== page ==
When asked if that's true for acting, too, she giggled. "Coming from dance, I feel acting is - I'm not going to say easy, because it's not," she said. "But the dance world is more hard-core. Ballerinas are really worked hard. And they don't get all the luxuries that we get in the film business: We get picked up, pampered, people please us." She stays grounded by going home to Australia between jobs, "where I live a really normal life.

Story continues below advertisement

"The jobs I enjoy most are the ones where I never feel like I'm performing," Wasikowska continued. "I'm just feeling things. It's an organic process." Though she had fun working on Alice, she prefers "working in actual environments with actors, because you can bounce off their energy. It just feels more natural than standing opposite a tennis ball and trying to pretend it's the Cheshire Cat."

She has two big films coming up: She's the title character in Jane Eyre, due out later this year, directed by Cary Fukunaga ( Sin Nombre) and co-starring Michael Fassbender ( Hunger). "There were certain moments on set where I'd go, 'What have I gotten myself into?' " Wasikowska said. "You can't believe you've been trusted with a character like Jane Eyre, and you want to do her justice. In the novel, she's 18, but she's always been played by older actresses. It's kind of fun to play her as a teenager, with these insane responsibilities. If she was living in our time, she'd really thrive."

And next year, Wasikowska will star in the eccentric love story Restless, directed by her "hero," Gus Van Sant. "It was incredible," she said, sighing happily. "There was a whole level of fussiness that was completely not a part of that set. We sat on apple boxes and on the floor. It felt like a bunch of people making a movie, as opposed to you being a cog in something. Gus involves you on a deeper level. I felt very encouraged."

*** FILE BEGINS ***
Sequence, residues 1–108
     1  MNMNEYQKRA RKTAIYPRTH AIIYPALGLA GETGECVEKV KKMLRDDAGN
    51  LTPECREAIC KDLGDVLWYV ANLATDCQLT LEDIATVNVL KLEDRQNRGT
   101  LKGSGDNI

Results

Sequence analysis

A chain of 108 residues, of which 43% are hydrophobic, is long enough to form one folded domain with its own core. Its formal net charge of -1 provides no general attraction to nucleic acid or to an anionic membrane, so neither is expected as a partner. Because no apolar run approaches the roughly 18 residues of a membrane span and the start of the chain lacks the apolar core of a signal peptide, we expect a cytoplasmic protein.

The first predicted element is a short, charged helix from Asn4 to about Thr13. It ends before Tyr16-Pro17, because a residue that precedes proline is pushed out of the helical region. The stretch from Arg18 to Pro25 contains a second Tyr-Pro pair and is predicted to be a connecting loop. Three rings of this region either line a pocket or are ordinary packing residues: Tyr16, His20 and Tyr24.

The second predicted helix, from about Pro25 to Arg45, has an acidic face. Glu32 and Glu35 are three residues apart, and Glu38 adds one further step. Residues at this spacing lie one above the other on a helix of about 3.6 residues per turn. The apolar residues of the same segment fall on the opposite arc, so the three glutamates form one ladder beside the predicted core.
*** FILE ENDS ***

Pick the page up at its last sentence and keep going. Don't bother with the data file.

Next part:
She also loves how Van Sant presents teenagers "in a sophisticated light," she said. "He gives them a lot of credit for their emotional capabilities. Teenagers live really complex emotional lives. And that's something that doesn't always come through in teen films. Most teen films, I can't relate to. I sit there going, 'Who felt that comfortable in themselves at 16?' Because everybody's in some kind of turmoil at that age. Those are the characters I really respond to." And it shows.

Report an error Editorial code of conduct
Comments

Welcome to The Globe and Mail’s comment community. This is a space where subscribers can engage with each other and Globe staff. Non-subscribers can read and sort comments but will not be able to engage with them in any way. Click here to subscribe.

If you would like to write a letter to the editor, please forward it to letters@globeandmail.com. Readers can also interact with The Globe on Facebook and Twitter .

Welcome to The Globe and Mail’s comment community. This is a space where subscribers can engage with each other and Globe staff. Non-subscribers can read and sort comments but will not be able to engage with them in any way. Click here to subscribe.

If you would like to write a letter to the editor, please forward it to letters@globeandmail.com. Readers can also interact with The Globe on Facebook and Twitter .

Welcome to The Globe and Mail’s comment community. This is a space where subscribers can engage with each other and Globe staff.

We aim to create a safe and valuable space for discussion and debate. That means:

  • All comments will be reviewed by one or more moderators before being posted to the site. This should only take a few moments.
  • Treat others as you wish to be treated
  • Criticize ideas, not people
  • Stay on topic
  • Avoid the use of toxic and offensive language
  • Flag bad behaviour

Comments that violate our community guidelines will be removed. Commenters who repeatedly violate community guidelines may be suspended, causing them to temporarily lose their ability to engage with comments.

Read our community guidelines here

Discussion loading ...

Due to technical reasons, we have temporarily removed commenting from our articles. We hope to have this fixed soon. Thank you for your patience. If you are looking to give feedback on our new site, please send it along to feedback@globeandmail.com. If you want to write a letter to the editor, please forward to letters@globeandmail.com.
Cannabis pro newsletter